Tracking a wounded deer/wolf/bear slowly bleeding out, finally come across it keeled over, too weak to move but still alive, struggling to breathe. To me it seems like a missed opportunity to compound on the dilemma presented by the option of breaking a rabbits neck, wherein before we can harvest a hunted animal, we'd have to first end its suffering. Either by hunting/improvised knife, by revolver/rifle, or by hand if the aforementioned tools are not at our disposal. Which could present additional challenges particularly with bears and wolves, as even in their weakened state, they might still put up a fight if you try to finish them off.

 

If it's by design, that's fine. If not, I could always forward this to the suggestion box as well. I just thought I'd ask first if the lack of such a feature is by design first.

 

We didn't intentionally pick the Rabbit to be the hardest animal to kill, but I do think the choice to take a life to extend your own should be one nobody makes lightly and if we can do so in a respectful way, we may introduce other situations like the Rabbit choice but they are not a core part of those systems at this point. (Some players feel the Rabbit kill already crosses a line.)

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Question from @Torqen:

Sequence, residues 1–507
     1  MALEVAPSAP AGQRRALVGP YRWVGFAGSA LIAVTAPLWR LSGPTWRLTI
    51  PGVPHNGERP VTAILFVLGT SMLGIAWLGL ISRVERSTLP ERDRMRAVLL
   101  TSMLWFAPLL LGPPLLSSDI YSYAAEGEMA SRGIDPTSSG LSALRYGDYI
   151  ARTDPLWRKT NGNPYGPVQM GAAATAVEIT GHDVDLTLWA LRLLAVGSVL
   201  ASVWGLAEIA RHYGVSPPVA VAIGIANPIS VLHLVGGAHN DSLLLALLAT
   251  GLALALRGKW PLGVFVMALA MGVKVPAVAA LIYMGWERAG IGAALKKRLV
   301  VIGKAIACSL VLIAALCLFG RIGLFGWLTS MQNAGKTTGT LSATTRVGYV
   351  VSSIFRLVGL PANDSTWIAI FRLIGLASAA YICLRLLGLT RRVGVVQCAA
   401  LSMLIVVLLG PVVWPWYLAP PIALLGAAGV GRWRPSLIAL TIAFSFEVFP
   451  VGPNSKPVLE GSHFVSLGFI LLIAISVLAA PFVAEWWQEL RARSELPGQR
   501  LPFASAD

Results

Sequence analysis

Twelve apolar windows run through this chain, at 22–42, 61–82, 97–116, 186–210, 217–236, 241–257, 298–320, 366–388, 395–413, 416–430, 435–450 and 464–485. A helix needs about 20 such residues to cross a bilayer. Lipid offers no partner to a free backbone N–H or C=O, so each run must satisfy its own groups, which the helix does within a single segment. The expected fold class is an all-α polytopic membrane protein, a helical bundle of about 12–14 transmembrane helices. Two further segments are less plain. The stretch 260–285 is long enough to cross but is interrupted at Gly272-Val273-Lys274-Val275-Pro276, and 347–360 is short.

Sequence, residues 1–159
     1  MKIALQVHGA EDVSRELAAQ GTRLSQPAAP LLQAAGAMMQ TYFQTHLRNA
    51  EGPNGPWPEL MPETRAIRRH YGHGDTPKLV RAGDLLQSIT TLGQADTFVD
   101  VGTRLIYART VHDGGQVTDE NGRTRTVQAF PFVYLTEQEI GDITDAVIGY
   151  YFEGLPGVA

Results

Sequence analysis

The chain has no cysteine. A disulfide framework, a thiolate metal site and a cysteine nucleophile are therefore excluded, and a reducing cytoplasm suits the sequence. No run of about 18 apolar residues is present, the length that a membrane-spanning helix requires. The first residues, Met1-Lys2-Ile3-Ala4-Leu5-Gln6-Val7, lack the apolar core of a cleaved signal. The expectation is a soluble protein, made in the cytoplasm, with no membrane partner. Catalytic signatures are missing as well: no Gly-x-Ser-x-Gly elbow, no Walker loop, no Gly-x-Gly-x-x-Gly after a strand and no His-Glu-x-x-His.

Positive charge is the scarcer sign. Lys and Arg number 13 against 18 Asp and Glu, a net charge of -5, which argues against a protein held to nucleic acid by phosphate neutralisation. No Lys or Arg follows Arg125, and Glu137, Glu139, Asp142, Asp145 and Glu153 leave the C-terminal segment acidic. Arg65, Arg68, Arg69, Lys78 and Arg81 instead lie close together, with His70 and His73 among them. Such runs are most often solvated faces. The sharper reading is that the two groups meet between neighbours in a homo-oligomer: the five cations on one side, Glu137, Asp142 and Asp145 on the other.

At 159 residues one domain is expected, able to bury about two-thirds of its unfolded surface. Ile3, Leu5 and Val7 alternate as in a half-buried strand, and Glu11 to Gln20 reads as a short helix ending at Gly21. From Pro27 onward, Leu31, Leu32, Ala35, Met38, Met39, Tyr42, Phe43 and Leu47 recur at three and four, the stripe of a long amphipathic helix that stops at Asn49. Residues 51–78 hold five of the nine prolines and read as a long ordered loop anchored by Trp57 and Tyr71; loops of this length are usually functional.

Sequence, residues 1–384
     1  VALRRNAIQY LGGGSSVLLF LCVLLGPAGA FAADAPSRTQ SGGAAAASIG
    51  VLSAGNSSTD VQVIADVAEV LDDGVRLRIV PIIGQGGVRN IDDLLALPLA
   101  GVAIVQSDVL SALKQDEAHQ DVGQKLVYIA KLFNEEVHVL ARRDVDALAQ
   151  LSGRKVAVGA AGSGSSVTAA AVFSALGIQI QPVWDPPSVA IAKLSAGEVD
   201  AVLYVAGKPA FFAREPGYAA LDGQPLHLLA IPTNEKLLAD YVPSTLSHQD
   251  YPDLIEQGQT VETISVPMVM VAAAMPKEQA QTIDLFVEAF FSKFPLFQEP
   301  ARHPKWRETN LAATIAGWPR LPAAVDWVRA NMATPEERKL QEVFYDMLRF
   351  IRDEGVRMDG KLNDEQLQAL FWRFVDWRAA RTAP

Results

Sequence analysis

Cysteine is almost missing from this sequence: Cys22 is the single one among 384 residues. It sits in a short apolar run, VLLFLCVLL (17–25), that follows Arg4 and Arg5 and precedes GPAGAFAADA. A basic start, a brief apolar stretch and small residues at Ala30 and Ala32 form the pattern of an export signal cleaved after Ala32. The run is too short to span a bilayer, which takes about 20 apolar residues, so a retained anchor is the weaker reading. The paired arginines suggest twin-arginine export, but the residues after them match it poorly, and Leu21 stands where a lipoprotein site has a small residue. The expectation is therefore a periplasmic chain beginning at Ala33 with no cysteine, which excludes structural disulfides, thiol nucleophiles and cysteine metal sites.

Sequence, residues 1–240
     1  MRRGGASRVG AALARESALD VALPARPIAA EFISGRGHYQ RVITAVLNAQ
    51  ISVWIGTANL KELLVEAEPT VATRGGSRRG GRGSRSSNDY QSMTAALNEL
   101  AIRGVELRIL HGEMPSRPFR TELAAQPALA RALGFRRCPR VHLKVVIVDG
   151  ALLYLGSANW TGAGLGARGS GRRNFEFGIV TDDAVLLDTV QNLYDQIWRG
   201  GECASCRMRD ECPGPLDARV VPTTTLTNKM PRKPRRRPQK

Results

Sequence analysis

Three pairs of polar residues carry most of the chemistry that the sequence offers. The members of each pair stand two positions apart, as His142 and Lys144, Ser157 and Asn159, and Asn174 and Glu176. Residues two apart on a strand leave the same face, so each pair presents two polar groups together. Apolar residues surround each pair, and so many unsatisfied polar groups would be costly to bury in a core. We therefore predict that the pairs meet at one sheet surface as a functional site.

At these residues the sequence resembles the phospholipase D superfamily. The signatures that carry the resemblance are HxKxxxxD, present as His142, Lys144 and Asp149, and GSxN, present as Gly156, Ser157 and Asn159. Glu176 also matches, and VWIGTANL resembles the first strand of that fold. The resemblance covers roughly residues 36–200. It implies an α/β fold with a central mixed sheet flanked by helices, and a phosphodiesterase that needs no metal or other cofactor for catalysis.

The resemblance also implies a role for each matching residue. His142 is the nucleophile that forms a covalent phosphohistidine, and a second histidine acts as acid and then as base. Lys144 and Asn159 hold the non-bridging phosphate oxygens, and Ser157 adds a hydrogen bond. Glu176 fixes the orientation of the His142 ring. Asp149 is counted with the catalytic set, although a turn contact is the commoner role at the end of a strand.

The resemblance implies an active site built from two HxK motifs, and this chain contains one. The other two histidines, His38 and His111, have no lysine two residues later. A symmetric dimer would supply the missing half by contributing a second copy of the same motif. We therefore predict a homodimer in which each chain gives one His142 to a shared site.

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Whats up with having to use 2 x to heal each sprained limb? Instead of just using 2x to heal all? And why is it that only my arms get sprained while walking in elevated terrain? Would it not be more sensible if the sprain would occur in the legs/ankles? 

1) game tuning, that's "what's up"

2) you should also get ankle sprains; if you aren't that's a bug. Feel free to report here: hinterlandgames.com/support

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Question from @PlayerPawn:

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Over the last few years, a spotlight is ever growing on the practices by big triple A companies around, among other things, crunch time.  As a studio that is more independent, what are your views on crunch and mandatory overtime to meet a deadline?

Regarding the industry practice -- it's a complex question that deserves a more complex answer than I have time to provide here.